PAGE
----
# Monday, 24 November 2008

For those of you who are not familiar with the tool Relog; it is part of Windows and allows you to reprocess System Monitor logs. This is quite useful, as logging counters to the binary format (.blg) is very space efficient. However to analyze those counters, you may want to use SQL Server. Relog allows to rewrite the log and also creates the tables for you on SQL Server, if not yet present (syntax samples). The unfortunate part is in the CounterDateTime column of the CounterData table, despite the column name, the date type is char(24). When trying to convert the char(24) to a datetime, this throws the error;

Msg 241, Level 16, State 1, Line 2
Conversion failed when converting datetime from character string.

I was getting a bit annoyed by this error, as a conversion from a char to a datetime should succeed if the string is valid... and say 2008-09-30 12:10:15.322 looked valid. I even checked Tibors ultimate datetime guide to see if I missed something, because I was unsure of the impact of the last byte (a valid string yyyy-mm-dd HH:mi:ss.sss actually is 23 characters). Also when trying to insert a string with a valid datetime in a variable, the conversion succeeds. Next I turned my attention to how the data was stored in the CounterDateTime column, by inserting a valid datetime string and retrieving one that was inserted by Relog (both returning the string (char(24)) and its binary representation varbinary(24)).

Source Character representation Binary representation
Relog insert 2008-09-30 12:10:15.322 0x323030382D30392D33302031323A31303A31352E33323200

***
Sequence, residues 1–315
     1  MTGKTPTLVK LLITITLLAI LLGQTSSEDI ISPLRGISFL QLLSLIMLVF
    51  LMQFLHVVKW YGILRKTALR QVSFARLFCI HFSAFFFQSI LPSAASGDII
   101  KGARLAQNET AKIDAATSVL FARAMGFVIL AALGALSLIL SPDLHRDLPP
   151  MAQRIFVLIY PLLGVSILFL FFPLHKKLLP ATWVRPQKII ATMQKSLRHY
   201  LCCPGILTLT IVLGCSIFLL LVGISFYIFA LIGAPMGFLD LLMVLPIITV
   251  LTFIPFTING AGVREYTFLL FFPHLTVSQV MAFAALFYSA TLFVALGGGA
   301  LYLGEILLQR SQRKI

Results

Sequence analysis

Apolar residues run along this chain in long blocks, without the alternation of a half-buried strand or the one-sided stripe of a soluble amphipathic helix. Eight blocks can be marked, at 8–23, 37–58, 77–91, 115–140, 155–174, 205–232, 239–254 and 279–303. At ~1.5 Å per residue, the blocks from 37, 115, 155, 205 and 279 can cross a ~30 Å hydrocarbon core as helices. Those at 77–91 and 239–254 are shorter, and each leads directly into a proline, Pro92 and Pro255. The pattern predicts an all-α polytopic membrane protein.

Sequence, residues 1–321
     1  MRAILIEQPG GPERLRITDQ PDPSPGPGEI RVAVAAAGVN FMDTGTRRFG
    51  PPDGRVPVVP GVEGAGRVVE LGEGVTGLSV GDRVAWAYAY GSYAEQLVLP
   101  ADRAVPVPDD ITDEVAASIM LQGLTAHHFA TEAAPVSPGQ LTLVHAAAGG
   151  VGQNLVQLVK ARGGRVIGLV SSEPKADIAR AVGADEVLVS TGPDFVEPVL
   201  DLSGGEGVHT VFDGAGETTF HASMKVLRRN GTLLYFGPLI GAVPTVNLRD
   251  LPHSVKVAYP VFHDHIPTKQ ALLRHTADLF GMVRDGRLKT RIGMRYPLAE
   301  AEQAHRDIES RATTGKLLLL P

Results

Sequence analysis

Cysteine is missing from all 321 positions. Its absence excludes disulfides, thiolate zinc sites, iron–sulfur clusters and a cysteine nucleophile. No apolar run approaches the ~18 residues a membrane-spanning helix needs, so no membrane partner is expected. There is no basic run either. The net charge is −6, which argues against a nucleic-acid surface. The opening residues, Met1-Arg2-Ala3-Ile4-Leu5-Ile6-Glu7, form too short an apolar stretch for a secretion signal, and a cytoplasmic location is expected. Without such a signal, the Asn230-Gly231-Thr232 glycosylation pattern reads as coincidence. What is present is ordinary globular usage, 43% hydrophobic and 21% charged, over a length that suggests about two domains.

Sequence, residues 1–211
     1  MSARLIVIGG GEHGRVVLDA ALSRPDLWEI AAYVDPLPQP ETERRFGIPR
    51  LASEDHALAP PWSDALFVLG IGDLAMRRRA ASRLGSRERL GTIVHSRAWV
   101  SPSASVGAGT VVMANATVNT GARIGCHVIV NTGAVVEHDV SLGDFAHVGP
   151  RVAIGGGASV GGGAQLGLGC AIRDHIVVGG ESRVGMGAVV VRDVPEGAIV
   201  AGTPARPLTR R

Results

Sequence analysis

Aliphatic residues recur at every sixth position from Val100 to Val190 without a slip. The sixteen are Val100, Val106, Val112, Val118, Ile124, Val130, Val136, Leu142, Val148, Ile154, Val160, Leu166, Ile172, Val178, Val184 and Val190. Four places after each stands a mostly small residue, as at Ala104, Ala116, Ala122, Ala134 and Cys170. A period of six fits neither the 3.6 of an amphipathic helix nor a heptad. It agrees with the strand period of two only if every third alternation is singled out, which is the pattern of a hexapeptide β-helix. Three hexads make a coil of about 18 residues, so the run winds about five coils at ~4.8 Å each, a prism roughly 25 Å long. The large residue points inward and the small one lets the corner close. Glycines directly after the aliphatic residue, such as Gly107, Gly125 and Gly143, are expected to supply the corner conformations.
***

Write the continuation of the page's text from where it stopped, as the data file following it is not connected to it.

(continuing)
Manual insert 2008-09-30 12:10:15.322 0x323030382D30392D33302031323A31303A31352E33323220

The difference is in the last byte of the binary representation, the datetime string written by relog isn't padded with spaces as one would expect to happen for the unused positions in a char. Instead it is zeroed as one would expect for unused bytes in a binary string. To get a datetime representation of the CounterDateTime a double conversion is needed;

CAST(SUBSTRING([CounterDateTime],1,23) AS datetime)

Now for the "nasty" in Relogs database schema:

  • Changing the CounterDateTime to datetime is a no-go. Relog does not want it.
  • Adding a computed column with the conversions above is a no-go. Relog does not have all columns bound.

What remains is creating a view on top of the CounterData table with this conversion included.

Another issue that may save you some time, the DSN you create to access the SQL Server should be the "SQL Server" provider, not the "SQL Native Client".

Monday, 24 November 2008 20:48:37 (W. Europe Standard Time, UTC+01:00)